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History of Business'

The Brown Shoe Company, one of the most important manufacturing interests not only of St. Louis but also in connection with the shoe trade of the country, had its origin in November, 1878, being organized by George Warren Brown, who associated with him A. L. Bryan and J. B. Desnoyers. The business was organized under the name of Bryan-Brown & Company in November, 1878. Mr. Brown had already become thoroughly familiar with the shoe trade, serving as shipping clerk with Hamilton-Brown & Company, of which his brother was a partner, and afterward representing that company as a traveling salesman upon the road. The business was capitalized for twelve thousand dollars, of which about one-third was invested in shoe machinery, lasts, patterns and other equipment. The first employes of the company were five expert shoe workers from Rochester, New York, and in order to persuade these men to remove to St. Louis it was necessary to furnish railroad fare. Soon thereafter real "Rochester finish" fine shoes were being made for the first time in St. Louis. The growth of the business was remarkable from the beginning. Within less than a year the factory was removed from its first location at 104 South Eighth street to larger quarters in the Cupples building at Eighth and Walnut streets, where the company occupied the top floor of the building but not long afterward secured the next floor below, while still later a third floor was required to meet the demands of this growing concern, and the owner of the building, Samuel Cupples, erected an additional story for the use of the firm of Bryan-Brown & Company. The success of this company constituted the influence that caused the second successful concern to establish shoe manufacturing in St. Louis and from time to time other shoe manufacturing enterprises have been added until in the present year (1920) shoe manufacturing is not only the largest industry of the city but "St. Louis make shoes" are known and sold throughout the entire United States and are being sent in ever increasing volume to all parts of the world. Thus this pioneer company in a more pronounced way than any other had to do with creating the great shoe industry of which St. Louis is now so Justly proud. In 1878 the St. Louis shoe market consisted of a number pf wholesale shoe houses selling eastern made goods. In the decade preceding several small shoe manufacturing ventures had been established but for want of capital or business management, or perhaps of both, most of them had passed out of existence and in 1878 St. Louis contained three or four small factories using the shoe making machinery of that day. All of these, however, within a few years had gone the way of their predecessors. In 1880 the business established by Mr. Brown was incorporated as a stock company, thus making it possible for employes to befcome interested in the earnings of the business. Theirs was the first St. Louis shoe concern to incorporate, which plan of organization proved so popular as to become practically universal within a short time. The company also adopted the open shop plan of operation, which it has adhered to since. Soon after this the company's warerooms and offices were moved to the southwest corner of Seventh and St. Charles streets, there occupying a new seven-story building.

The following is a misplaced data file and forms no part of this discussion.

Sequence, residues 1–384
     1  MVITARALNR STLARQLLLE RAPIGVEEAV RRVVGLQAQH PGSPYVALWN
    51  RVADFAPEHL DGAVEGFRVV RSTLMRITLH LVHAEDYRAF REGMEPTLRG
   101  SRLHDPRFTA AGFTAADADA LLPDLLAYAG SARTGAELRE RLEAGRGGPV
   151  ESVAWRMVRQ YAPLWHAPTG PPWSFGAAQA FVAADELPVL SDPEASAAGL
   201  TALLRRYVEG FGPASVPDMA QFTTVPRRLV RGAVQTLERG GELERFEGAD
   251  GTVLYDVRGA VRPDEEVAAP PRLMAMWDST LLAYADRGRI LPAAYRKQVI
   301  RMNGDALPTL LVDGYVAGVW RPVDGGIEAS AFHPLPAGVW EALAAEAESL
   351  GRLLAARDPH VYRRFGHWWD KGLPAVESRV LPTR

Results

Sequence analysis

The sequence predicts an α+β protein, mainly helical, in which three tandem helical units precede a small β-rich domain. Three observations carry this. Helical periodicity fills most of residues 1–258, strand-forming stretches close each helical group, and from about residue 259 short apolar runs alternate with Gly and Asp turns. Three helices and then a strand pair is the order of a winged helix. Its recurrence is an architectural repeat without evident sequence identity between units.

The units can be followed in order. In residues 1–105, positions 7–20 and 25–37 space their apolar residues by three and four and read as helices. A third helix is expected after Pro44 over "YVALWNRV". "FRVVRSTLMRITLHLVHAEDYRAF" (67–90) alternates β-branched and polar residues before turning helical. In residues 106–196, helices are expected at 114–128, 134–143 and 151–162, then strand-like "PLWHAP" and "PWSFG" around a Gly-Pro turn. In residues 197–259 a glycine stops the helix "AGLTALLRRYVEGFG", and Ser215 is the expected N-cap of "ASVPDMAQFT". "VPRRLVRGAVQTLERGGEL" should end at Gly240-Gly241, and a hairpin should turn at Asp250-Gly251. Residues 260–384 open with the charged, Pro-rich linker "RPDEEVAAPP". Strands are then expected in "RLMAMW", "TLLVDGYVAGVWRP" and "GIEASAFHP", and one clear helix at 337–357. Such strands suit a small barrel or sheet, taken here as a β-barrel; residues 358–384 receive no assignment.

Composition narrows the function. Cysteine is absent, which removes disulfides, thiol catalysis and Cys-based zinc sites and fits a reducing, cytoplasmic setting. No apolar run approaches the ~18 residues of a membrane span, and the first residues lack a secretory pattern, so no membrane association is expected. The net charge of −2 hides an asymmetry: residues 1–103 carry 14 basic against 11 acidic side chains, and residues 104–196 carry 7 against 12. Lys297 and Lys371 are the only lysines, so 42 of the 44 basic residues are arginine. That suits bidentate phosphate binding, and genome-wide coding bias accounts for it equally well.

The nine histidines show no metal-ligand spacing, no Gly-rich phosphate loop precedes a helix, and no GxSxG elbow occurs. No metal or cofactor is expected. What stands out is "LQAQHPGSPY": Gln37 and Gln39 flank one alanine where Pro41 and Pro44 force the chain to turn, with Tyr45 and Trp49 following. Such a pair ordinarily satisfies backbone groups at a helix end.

In 1885 A. L. Bryan, then vice president of the company, retired on account of ill health and soon thereafter the name was changed to Brown-Desnoyers Shoe Company. In 1886 the growth of the business again demanded larger quarters 'and another removal was then made to 805 Washington avenue. By 1890 the business had grown to such an extent that it was again necessary to secure larger accommodations and the company leased the southwest corner of Eleventh and Washington avenue, occupying one-third of the block now utilized by the Rice-Stix Dry Goods Company. For several years the upper floors were utilized for manufacturing purposes and the lower floors for warehouse and offices. Later, however, the entire building was required for warehouse and offices, at which time The President plant at the southeast corner o£ Eighteenth and Washington streets was built and the upper half occupied by The Capital factory, making high grade shoes for women. The lower half was given over to The President factory, making high grade shoes for men. A little later the Homestake plant at Twelfth and Russell avenue was built and this was followed by the Blue Ribbon plant at Jefferson and Mullanphy, while others were added as the business of the company increased.